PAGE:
What’s even more cool though, is that not only is this “Torah,” in fact, a fundamental teaching, but if you think about it, hidden in this “Torah” is specifically the foundation for the Aseres HaDibros which follow, as the Aseres HaDibros are essentially a covenant containing two sets of commandments, one geared towards the relationship between man and his Creator, and one between man and his fellow. With an even closer look, one might notice that each of these sets of commands begins with the “conceptions” of G-d and man as described by R’ Hirsch, as the first command is to believe and acknowledge Hashem “Who brought you forth from the land of Egypt…” [5:6], while the opening command of those relating to mankind is the prohibition against murder [5:17]!
Thus, just before describing the Aseres HaDibros, the obligations which we have towards G-d and fellowman, the Torah gives us this introduction about the conceptions, or our fundamental relationships with G-d and fellowman. Moshe places “this,” a summary of the Torah, if you will, before the B’nei Yisrael!
It all works out quite nicely at the end, as now, we’ve identified and qualified this theory of R’ Hirsch’s, that the “Torah” being presented, by Moshe to the people, is this idea that there is a relationship that every individual has with both G-d and fellowman, and those relationships are founded on appreciation of Hashem’s wondrous acts and the value of human life.
What emerges is that, indeed, exactly as we have suggested, the Torah is only giving us a minimalist view of how to treat man and how to live the Torah. What that means is, of course, there is so much more to Torah than not killing people, just as there is so much more to the Torah than merely believing in G-d’s existence. In fact, the Aseres HaDibros themselves are merely a blueprint for the rest of the Torah whose will permeates every facet of all of our relationships, with all people and with G-d Himself. But, as R’ Hirsch and the much earlier Hillel HaZakein have highlighted, it starts from the fundamental relationships which means simply respecting the presence and existence of the other in our lives. Without that foundation, the Torah is lost. Everything else is hinges on this core concept. The rest, Hillel points out, is just commentary. So, in the end, this is the Torah…in short, of course. We have our work cut out for us.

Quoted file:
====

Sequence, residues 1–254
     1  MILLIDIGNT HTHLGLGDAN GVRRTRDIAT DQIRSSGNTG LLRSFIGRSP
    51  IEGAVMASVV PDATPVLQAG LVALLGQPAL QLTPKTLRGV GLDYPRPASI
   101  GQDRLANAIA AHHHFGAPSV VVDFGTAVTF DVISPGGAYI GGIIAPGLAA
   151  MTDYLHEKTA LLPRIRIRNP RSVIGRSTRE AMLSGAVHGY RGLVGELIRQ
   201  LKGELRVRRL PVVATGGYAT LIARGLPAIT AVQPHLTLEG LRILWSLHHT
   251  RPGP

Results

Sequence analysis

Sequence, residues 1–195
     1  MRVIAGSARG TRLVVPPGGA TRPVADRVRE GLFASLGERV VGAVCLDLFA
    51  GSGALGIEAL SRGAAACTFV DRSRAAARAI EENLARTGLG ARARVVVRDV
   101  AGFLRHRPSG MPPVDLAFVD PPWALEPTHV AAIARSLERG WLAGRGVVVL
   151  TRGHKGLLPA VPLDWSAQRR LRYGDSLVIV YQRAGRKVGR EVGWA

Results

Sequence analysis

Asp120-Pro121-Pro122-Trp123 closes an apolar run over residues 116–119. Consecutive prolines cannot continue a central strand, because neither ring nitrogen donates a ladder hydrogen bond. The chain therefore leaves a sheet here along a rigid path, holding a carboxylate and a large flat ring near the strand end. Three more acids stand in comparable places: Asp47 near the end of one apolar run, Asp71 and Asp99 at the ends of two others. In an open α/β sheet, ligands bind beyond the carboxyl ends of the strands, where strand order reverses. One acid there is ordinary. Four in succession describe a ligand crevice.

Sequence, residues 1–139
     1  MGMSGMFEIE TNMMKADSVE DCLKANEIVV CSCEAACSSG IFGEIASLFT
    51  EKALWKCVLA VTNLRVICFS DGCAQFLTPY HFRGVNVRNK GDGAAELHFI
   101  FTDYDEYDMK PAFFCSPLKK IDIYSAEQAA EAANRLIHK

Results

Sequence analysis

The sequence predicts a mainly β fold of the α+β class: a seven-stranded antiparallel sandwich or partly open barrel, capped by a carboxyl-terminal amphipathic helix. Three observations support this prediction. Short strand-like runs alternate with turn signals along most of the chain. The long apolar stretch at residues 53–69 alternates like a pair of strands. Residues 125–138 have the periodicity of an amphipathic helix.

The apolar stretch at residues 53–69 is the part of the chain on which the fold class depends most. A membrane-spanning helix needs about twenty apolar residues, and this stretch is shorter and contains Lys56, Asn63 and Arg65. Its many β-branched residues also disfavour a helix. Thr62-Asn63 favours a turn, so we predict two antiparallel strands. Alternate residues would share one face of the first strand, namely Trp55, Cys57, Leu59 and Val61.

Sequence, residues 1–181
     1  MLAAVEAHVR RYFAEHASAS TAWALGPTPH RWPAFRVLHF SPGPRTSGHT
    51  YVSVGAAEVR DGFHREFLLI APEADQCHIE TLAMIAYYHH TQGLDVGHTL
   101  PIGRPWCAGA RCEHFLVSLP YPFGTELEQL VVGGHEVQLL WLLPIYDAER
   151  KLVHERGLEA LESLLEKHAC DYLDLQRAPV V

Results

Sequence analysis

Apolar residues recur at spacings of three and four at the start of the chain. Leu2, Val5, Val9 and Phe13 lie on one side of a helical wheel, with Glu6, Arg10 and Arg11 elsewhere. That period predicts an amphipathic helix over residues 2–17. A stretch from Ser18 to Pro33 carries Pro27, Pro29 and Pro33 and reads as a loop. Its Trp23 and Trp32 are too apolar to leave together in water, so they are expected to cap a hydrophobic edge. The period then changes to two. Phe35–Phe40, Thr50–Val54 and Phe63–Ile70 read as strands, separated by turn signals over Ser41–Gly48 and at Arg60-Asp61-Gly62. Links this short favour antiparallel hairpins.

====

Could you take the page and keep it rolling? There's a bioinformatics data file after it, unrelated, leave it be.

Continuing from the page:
May we all be Zocheh to respect the presence of every “other” in our lives, uphold these fundamental ideals in all of our relationships, both with G-d and man, and we should thereby enable ourselves to uphold the even more vast Torah at large, and Hashem should confirm our fulfillment of His Torah with His bringing of the Geulah in the days of Moshiach, Bimheirah Biyomeinu! Have a Great Shabbos Nachamu!
-Josh, Yehoshua Shmuel Eisenberg 🙂